This will be my final blog before Pesach begins, and I want to take the opportunity to wish all of you a season of renewal and joy.
May your Seders be punctuated with hope, enveloped by family and good friends, open to strangers and people in need of material and spiritual uplift, filled with prayers for justice and peace for our people, for the Palestinians, Syrians, Ukrainians, Venezuelans, Sudanese, Congolese, Egyptians, Iraqis, Afghanis, and all peoples suffering under the reality of and threat of violence and living with injustice.
I pray as well that all who are suffering from addictions and abuse of every kind find wholeness and relief from their wounds, and those suffering from illness and chronic pain find a way to overcome.
As Jews, we are a people of hope, not false hope, but a deeper kind of hope based in the unity of our people am Yisrael, the unity of humankind and the recognition that each human being belongs to each other. Our faith calls upon us to seek holistic and holy ways of being with each other and with the “other” with whom we live.
As a Jew and an ohev am u-M’dinat Yisrael, I have not given up on the current Israeli-Palestinian negotiations. I believe they will continue not only because there is too much to lose for Israel, the Palestinians and the United States if they end, but because in the Middle East maximum demands and extremist posturing usually precede breakthroughs. We will, of course, have to wait and see.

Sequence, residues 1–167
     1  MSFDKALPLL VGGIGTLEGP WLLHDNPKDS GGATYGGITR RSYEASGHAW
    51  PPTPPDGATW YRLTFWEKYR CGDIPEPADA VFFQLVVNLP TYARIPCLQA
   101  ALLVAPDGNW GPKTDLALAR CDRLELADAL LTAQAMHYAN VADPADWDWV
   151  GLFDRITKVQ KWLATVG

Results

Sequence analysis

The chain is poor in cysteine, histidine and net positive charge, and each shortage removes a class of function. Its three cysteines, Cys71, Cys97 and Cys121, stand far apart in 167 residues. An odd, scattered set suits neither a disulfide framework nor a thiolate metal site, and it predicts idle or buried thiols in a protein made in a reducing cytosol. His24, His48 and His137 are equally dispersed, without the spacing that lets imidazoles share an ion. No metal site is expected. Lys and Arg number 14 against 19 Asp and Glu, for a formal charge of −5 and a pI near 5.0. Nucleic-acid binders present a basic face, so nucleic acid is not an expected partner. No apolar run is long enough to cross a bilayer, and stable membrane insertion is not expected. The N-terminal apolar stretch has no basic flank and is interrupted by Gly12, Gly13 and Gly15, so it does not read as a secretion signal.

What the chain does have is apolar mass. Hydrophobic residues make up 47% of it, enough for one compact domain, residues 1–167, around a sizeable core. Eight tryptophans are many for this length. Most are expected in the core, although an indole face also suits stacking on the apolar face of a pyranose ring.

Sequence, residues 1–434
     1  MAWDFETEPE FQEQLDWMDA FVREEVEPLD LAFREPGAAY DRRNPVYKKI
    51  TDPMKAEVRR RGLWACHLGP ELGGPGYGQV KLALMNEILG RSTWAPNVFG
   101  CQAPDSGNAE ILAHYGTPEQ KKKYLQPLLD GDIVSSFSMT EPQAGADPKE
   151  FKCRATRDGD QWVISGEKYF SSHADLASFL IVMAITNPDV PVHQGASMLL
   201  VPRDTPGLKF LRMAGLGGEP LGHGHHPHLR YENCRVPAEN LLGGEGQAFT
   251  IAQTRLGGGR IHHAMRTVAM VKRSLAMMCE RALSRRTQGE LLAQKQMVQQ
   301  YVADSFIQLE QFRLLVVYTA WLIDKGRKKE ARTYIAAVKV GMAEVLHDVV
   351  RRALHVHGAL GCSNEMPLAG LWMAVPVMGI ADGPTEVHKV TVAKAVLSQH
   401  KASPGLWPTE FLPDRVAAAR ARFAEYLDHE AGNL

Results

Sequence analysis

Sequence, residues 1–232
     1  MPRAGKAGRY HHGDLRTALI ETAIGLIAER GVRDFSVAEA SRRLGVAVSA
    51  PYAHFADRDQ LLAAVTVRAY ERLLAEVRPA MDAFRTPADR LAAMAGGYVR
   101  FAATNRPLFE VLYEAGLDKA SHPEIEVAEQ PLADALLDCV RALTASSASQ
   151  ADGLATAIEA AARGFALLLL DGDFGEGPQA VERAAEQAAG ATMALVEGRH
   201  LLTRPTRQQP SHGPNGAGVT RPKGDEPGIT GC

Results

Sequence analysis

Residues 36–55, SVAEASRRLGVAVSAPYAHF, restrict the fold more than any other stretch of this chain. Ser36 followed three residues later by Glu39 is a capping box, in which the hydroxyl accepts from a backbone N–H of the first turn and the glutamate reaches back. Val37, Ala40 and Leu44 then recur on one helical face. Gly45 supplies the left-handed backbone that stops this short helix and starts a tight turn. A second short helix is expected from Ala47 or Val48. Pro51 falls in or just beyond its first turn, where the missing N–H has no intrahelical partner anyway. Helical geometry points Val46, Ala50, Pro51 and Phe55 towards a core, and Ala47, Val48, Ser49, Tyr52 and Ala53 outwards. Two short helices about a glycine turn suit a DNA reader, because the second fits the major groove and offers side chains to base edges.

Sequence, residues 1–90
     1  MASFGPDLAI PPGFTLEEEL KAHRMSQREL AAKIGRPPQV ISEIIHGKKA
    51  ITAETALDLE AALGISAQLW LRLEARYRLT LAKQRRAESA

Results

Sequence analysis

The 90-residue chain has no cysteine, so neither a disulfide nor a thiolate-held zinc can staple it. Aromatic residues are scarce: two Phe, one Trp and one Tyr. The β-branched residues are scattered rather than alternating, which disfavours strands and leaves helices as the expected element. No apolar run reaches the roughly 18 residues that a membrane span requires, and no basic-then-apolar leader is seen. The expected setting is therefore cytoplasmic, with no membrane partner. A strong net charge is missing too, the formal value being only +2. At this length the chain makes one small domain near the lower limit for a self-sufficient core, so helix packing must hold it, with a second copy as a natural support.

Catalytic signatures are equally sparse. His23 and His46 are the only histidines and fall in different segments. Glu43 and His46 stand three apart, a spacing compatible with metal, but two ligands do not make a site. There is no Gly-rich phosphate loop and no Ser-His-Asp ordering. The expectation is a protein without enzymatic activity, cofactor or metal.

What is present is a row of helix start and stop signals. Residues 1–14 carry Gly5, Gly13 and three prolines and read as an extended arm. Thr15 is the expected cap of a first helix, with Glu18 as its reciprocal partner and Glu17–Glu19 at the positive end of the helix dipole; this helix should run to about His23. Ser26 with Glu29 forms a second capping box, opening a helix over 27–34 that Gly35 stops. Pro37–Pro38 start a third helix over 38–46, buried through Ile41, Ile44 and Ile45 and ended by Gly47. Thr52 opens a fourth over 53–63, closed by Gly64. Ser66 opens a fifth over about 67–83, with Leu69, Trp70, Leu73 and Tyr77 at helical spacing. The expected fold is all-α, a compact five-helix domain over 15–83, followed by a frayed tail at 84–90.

I wish for President Obama, Secretary Kerry, Prime Minister Netanyahu, and President Abbas not just the fortitude to carry on, but the wisdom and courage to find a way through the morass of issues that need resolution and compromise.
Jeffrey Goldberg has written a fine piece in the Bloomberg View on the dynamics of the current negotiations that is worth reading – “When Will Netanyahu Hail Himself to the Cross” (don’t let the title deter you from reaching his words) http://www.bloombergview.com/articles/2014-04-10/when-will-netanyahu-nail-himself-to-the-cross.
Shabbat shalom v’Chag Pesach Sameach, biv’racha u-b’ahavah,
Rabbi John Rosove